So. I’m not taking any medication at the moment. My intention, when I stopped taking Prozac, was to switch to Wellbutrin, but then I switched insurance providers and one thing leading to another means I haven’t actually seen a new psychiatrist yet. I may, eventually, but I’m not sure: as someone with a history of fainting/seizing, Wellbutrin is cautioned against, and the others (like Prozac) have these damn sexual side effects. So for now, I’m employing an army of strategies to see if I can get on without medication. But if it appears I can’t, you’d better believe I will go back to a psychiatrist in a heartbeat. Taking Prozac made me feel like I was going to be okay. It helped me believe that I had options, and that it wasn’t my fault. That medication was my lifeline, and I will never ever be one of those people who says you should try everything else first, that psychiatric meds are just a bandaid, that people who take psychiatric meds are just avoiding the real problem. Not. True. It’s a personal choice, of course, and if you choose not to take medication, awesome, I hope you figure out what works for you. And if you do choose to take medication, power to you, I hope you find the one that does the trick.
So, that army of strategies. I’ll share a few of them, the ones that work particularly well for me, both in general and specifically to deal with isolated situations.
1) I see a therapist. He’s gay, he’s really smart, and he specializes in coping with anxiety, trauma, and feeling out of control. He’s working with me on figuring out ways to work with my various trip-ups, rather than against them, and most of all on being forgiving to myself and parenting my own inner child to help heal past wounds.
2) I have a some somatic tricks, meditation-type techniques, that help me find my mental ground in situations (such as extreme anxiety) where I feel like I’m losing control. These include the stuff in this post, as well things like:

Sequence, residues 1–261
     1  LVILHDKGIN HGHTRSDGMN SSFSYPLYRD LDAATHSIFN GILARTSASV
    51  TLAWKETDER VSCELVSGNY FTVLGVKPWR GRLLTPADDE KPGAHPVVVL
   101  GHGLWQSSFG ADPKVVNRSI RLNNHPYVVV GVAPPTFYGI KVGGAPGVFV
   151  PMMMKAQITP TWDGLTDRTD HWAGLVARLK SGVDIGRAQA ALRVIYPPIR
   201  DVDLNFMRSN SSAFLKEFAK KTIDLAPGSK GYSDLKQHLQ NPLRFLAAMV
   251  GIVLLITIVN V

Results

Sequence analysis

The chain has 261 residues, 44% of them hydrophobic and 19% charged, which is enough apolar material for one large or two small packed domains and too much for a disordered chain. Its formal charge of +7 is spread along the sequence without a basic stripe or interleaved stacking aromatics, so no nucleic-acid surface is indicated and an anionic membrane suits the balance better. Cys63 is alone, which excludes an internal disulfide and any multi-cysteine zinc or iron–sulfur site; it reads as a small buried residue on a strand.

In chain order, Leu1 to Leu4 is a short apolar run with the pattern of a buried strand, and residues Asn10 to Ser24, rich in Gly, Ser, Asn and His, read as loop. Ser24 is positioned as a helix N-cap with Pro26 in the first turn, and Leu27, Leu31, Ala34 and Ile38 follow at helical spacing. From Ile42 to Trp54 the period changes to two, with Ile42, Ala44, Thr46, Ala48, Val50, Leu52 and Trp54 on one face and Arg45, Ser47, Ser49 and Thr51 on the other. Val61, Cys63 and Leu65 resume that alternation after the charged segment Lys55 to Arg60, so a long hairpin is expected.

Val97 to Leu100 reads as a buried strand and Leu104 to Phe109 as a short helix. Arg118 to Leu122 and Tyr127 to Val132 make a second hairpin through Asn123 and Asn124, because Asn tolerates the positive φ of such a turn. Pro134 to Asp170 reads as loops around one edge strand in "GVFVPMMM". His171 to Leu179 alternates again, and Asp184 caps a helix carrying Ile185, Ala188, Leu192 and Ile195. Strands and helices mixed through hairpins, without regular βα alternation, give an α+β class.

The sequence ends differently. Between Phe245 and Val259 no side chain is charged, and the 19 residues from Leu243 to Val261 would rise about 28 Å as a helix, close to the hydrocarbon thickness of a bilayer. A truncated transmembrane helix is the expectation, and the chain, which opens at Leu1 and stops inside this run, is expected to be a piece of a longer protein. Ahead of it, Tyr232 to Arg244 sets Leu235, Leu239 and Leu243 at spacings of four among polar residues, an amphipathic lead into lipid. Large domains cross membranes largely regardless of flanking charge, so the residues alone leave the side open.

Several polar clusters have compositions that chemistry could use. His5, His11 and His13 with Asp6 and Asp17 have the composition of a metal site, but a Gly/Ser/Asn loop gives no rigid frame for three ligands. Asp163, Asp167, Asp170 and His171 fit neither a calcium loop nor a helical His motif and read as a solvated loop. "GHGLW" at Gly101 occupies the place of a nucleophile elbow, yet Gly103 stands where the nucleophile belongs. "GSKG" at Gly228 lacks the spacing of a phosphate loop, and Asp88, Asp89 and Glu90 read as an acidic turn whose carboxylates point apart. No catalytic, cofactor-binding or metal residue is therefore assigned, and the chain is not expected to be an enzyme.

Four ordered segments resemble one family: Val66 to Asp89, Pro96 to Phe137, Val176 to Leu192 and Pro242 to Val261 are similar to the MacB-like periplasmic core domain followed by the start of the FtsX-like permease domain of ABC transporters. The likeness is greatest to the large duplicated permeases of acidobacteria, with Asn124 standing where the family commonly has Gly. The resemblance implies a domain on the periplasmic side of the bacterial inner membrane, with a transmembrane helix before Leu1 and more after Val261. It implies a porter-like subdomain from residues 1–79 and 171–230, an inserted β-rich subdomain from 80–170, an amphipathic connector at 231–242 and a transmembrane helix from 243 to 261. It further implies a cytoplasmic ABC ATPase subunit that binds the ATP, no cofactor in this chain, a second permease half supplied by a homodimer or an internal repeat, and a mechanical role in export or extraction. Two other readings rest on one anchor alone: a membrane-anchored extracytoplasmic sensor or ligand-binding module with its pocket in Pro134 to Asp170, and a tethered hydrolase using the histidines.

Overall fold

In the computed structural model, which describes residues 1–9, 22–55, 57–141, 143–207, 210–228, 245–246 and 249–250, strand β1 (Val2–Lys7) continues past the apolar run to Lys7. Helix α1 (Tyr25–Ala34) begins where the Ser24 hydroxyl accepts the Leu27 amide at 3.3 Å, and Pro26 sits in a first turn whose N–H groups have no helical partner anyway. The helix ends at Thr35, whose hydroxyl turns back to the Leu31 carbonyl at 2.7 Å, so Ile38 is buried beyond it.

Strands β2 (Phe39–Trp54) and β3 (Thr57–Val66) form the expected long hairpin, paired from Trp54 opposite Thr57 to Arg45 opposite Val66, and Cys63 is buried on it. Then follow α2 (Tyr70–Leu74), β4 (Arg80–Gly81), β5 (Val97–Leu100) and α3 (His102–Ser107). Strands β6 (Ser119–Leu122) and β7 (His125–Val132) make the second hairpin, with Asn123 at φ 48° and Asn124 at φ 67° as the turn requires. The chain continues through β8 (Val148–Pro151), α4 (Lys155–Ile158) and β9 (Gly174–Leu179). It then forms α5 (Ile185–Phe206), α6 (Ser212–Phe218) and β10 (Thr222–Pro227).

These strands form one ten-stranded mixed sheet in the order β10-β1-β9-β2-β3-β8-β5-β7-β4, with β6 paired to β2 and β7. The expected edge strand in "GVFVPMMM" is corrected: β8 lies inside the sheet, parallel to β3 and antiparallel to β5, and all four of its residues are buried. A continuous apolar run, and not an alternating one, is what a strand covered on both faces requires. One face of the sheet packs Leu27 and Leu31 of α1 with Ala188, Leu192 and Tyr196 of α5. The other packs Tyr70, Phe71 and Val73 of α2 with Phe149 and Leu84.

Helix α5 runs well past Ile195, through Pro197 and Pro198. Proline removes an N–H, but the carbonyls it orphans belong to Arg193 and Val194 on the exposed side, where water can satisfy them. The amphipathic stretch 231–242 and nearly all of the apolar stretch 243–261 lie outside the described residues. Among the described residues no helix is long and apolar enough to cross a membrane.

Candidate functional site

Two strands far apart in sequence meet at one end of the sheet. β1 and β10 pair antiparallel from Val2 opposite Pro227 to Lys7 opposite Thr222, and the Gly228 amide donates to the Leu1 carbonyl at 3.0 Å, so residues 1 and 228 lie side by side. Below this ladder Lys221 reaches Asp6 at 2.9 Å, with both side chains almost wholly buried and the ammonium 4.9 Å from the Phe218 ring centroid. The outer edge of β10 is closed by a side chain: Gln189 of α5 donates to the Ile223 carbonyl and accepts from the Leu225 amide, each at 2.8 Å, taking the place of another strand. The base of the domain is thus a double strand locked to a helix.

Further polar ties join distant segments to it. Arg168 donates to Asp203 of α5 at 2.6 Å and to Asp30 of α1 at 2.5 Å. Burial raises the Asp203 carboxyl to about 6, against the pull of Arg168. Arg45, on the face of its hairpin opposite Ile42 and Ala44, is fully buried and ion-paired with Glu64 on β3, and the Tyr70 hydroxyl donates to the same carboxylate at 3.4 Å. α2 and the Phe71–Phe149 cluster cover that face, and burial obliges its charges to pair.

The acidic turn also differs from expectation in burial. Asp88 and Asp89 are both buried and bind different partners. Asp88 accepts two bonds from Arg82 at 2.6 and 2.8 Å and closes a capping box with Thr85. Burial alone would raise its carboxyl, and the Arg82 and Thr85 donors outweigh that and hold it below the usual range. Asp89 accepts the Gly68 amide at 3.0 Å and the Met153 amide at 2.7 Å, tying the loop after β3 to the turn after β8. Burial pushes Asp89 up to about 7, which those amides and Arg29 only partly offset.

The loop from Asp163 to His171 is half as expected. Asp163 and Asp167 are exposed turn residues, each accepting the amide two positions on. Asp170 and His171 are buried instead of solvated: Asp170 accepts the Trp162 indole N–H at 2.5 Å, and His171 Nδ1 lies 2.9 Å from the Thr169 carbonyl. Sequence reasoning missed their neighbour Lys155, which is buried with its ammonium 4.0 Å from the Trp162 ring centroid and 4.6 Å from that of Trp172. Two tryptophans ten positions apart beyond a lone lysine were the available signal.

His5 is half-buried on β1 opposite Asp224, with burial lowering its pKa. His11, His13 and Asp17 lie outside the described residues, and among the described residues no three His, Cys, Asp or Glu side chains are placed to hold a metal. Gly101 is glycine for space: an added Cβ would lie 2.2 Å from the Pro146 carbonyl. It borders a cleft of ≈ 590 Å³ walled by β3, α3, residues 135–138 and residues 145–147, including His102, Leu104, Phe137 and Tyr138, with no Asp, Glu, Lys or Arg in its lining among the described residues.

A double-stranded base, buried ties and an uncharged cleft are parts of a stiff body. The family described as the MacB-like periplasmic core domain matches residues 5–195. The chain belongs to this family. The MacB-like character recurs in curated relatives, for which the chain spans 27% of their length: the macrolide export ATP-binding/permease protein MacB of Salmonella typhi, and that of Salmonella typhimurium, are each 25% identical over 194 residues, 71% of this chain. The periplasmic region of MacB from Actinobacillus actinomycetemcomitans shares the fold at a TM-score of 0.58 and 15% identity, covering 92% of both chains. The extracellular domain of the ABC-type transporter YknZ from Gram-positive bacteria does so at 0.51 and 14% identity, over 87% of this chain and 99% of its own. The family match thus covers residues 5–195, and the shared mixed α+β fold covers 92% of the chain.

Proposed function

* finding my pulse, and counting my heartbeats
* closing my eyes, lying down if possible or at the very least sit, and greet every body part with gratitude or soothing (I know this sounds silly, but it helps me remember I’m whole, I’m human, I’m all here, for example: *wiggle my toes* “hi, toes, thanks for sticking with me”; or *inhale with my belly* “don’t worry, belly, you’ll be okay”), or if I can’t bring myself to greet my body parts, at the very least touch them and notice them and breathe into them
3) Sometimes motion is what I really need, because moving my body helps me get the emotions moving too. I’m not talking about exercise (though of course, that’s recommended for combatting depression), but about any type of motion. Shaking it all out. Taking a walk. Putting on Beyonce and dancing to it.
5) Setting small goals, goals that are achievable, and then achieving them. This helps me out of my depression (helps me feel like I have more agency, like I’m not stuck) and my anxiety (by giving me something concrete to achieve, so that I’m not overwhelmed by something massive and, thus, anxiety-provoking). Example as applied to graduate school applications: small goal would be “write to undergrad professor to ask for recommendation.” Or, “register for GRE and order GRE prep book.”
6) Having a plan for what to do if I start feeling anxious. For example, I have some social anxiety, and if I’m out with large crowds and loud music, I can easily feel overwhelmed, distressed, and then panic. So, setting a plan for dealing with that particular situation, as well as an alternative plan in case it’s not working out, really helps me a lot. Example: “When I go in, first I’m going to get a drink. Then I’m going to find one person I know to have a one-on-one conversation with to ease me into the situation.” And if it doesn’t work out, if I still start getting anxiety? Alternative plan: “I’ve also really been wanting to practice my burlesque moves, so if I’m not having fun, I’m going to go do that.” That helps me know that I have options, so no situation can get the better of me.
So, this is where I am right now. Coping with my various threads, finding ways of pulling out the garish ones, but also being okay with the knowledge that my picture is far from perfect, but that’s what makes it beautiful.
Phew, congratulations if you’ve made it through to the end. Have any of your own coping or strengthening tactics to share?